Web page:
Niemeyer’s small architectural office can be found on the Avenida Atlantica, the great boulevard that defines Copacabana’s beach. There is in all probability no better-known beach in the world, its fame a product of such films as Flying Down to Rio (Thornton Freeland, 1932), starring Fred Astaire and Ginger Rogers, where Copacabana is represented as the apogee of urban eroticism. In thinking about the erotics of modern architecture, the beach is surely the best place to start. It is a landscape of vital importance, defining an ideal of sociability that architects have frequently tried to emulate or represent. 

Until the eighteenth century, beaches were generally perceived – where they were perceived at all – as places of labour. In art they are littered with the debris of fishing, not leisure. But global exploration from the sixteenth century onwards began to produce images of beaches that contain recognizably modern, and particularly erotic, elements. In accounts of first contact with indigenous peoples the beach can become an erotically charged space, a space in which suddenly, after months or years of voyaging, immense sexual possibilities could be released. In relation to Brazil, there are numerous, fascinating accounts of first contact in which the beach is the spatial frame. In one report to the Portuguese king Dom Joao ii in 1500, Vasco da Gama described landfall in Brazil and contact with a deputation of Tupi Indians. The Indians caused a sensation, particularly the girls, who were ‘very young and very pretty, with very dark hair, long over their shoulders and their privy parts, so high, so closed, and so free from hair that we felt no shame in looking at them very well’. The explorers, greatly impressed, compared them favorably with Portuguese women.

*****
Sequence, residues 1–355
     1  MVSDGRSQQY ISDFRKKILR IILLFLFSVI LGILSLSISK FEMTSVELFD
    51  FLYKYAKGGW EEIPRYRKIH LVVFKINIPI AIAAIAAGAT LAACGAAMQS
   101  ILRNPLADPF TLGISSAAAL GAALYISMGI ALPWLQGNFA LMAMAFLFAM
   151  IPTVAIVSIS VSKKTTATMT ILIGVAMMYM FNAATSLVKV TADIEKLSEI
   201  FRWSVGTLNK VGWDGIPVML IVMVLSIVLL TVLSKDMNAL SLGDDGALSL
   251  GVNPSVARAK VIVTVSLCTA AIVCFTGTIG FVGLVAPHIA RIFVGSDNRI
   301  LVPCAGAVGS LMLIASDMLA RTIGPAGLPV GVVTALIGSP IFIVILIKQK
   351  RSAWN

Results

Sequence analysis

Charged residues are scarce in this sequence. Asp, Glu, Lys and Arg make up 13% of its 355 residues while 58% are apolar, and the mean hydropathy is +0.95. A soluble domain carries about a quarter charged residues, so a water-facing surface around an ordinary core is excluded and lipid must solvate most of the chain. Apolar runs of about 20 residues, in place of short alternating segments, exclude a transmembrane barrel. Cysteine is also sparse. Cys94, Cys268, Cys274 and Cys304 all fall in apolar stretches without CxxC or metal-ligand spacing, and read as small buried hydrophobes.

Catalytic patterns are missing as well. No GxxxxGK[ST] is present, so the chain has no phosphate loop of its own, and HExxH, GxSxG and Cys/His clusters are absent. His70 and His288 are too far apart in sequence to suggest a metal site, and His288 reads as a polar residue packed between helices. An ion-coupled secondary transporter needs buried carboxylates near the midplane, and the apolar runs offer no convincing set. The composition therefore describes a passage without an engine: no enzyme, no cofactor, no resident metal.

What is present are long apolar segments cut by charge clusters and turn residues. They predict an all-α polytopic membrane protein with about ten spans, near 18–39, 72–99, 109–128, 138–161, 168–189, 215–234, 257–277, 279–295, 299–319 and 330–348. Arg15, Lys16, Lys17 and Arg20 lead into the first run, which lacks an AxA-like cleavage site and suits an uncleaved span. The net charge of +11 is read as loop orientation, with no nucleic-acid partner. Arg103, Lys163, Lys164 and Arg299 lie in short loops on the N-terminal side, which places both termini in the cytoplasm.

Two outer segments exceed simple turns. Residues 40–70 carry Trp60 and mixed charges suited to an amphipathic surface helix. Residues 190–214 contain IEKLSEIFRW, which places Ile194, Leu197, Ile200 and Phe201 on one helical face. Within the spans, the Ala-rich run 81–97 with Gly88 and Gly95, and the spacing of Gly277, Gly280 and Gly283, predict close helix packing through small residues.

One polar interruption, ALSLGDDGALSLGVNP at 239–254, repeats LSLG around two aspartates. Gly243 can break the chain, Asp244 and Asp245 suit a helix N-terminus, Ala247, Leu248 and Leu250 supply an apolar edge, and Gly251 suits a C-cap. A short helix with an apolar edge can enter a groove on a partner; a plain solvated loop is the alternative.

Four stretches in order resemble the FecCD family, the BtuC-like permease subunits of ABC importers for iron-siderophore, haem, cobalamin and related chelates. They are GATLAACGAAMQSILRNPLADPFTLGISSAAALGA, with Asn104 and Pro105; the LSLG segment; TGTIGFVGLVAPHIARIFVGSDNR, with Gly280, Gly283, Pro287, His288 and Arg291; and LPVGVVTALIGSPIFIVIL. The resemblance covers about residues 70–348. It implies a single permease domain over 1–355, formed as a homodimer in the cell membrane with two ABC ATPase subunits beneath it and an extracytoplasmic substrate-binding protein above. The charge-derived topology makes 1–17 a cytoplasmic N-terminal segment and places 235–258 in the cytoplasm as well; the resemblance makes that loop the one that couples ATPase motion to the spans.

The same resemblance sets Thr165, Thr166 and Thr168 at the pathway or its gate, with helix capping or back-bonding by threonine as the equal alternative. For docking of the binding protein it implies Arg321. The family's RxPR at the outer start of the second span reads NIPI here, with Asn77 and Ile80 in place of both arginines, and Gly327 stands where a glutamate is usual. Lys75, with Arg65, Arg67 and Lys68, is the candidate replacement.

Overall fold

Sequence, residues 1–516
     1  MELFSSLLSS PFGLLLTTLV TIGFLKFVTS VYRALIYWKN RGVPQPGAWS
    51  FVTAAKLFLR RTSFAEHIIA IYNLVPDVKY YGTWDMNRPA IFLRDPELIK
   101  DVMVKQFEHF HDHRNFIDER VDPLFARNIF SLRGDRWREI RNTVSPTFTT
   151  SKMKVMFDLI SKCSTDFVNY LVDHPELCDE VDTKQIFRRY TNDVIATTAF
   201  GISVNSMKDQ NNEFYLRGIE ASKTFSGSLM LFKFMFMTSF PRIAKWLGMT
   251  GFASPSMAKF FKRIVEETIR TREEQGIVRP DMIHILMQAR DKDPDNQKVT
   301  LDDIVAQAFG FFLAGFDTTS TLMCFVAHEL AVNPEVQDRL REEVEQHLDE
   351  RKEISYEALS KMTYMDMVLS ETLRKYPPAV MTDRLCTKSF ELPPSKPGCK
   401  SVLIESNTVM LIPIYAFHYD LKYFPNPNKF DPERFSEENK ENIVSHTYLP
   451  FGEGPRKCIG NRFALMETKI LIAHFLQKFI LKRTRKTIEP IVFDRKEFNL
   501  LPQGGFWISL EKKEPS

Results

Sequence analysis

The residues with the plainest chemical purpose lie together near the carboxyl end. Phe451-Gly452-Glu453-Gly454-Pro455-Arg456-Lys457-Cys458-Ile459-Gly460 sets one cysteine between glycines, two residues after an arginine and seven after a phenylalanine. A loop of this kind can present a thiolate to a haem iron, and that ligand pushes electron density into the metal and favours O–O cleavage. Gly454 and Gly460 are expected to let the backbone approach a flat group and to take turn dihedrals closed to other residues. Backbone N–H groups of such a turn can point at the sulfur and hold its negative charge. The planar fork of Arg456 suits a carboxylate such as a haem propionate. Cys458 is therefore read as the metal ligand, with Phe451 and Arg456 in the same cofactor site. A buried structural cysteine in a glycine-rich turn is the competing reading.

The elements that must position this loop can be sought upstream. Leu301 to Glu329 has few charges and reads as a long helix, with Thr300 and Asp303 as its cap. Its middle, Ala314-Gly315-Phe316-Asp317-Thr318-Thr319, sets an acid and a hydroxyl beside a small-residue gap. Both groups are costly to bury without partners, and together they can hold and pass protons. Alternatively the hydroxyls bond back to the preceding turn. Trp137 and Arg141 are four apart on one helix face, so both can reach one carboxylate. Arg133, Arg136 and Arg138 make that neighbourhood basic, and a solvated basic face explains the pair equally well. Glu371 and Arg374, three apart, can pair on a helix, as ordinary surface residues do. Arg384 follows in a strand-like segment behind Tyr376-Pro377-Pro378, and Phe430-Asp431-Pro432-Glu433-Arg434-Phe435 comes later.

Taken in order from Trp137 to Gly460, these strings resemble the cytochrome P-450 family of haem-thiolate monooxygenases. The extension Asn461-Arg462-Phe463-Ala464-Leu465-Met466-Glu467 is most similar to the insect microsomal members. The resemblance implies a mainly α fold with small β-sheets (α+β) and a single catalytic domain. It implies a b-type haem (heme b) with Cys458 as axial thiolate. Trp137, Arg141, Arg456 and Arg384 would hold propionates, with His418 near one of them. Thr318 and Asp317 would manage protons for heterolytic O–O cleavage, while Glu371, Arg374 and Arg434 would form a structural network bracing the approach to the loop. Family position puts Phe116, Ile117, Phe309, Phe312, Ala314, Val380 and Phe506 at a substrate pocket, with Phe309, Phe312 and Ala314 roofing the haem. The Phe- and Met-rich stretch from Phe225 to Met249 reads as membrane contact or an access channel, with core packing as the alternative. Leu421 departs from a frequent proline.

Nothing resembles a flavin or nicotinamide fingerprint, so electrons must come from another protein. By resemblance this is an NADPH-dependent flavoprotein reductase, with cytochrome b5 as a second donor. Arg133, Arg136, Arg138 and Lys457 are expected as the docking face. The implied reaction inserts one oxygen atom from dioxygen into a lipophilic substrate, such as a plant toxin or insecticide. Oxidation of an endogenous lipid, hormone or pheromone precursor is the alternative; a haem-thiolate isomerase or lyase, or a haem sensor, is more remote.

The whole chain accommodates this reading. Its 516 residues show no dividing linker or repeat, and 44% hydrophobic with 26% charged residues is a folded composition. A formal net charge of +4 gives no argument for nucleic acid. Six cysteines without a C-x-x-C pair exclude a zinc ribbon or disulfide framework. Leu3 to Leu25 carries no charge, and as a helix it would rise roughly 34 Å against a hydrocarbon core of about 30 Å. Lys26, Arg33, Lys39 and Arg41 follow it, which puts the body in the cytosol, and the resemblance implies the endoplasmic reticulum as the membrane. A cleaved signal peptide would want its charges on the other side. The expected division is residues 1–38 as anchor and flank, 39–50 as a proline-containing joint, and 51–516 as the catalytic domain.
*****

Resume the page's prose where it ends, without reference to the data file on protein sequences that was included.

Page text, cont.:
It is too much of an intellectual leap to declare da Gama’s encounter with the Tupi as the beginning of the modern conception of the beach. The modern beach, however, embodies something of the mythology of first contact: it remains a place where convention is conventionally) abandoned, and where erotic possibilities open up. Brazil has a particularly strong relationship with the beach. Most of its population is still found on the coast, and the beach has become central to the country’s urban life, providing a space equivalent in symbolic function to the civic squares of European cities. Stefan Zweig said as much in 1942, when describing the life of the poor in Rio. The climate was accommodating, the food was cheap, and above all the spectacular beaches provided a place for them to go. This ‘super-Nice, super Miami, possibly the most  beautiful strand in the world’ (as he put it) was therefore also the embodiment of a different kind of civil society. The symbolic centrality of the beach in Brazilian cities marks a significant difference between the western European and North American understanding of the beach. For Europeans, the beach is typically a place of periodic escape and disengagement from the city; for Brazilians, the beach is integral to it. The contemporary Brazilian novelist Ruy Castro provides an up-to-date commentary on the place of the beach in the Brazilian city. Europeans and North Americans, he observes, take a trip to the beach as if they were going to a hotel in the mountains or another country. In Rio people just go to the beach, like going to the cinema, the shops or the bank – because it’s there 24 hours a day, all year round, and with an entire city round it, all its services fully available. . . . It’s a whole culture. You go to the beach to read the paper, meet friends, play foot-volleyball, get to know people, get the latest gossip, and even, sometimes, to talk business. It’s a space as natural as a town square, a restaurant or an office.
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